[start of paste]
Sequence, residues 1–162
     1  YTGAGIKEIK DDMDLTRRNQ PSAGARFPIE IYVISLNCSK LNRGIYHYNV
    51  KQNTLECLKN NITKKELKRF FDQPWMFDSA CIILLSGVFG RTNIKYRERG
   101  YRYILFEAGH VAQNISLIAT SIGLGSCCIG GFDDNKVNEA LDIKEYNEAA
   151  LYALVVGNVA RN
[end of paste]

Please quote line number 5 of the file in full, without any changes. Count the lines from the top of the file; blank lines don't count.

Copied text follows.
   151  LYALVVGNVA RN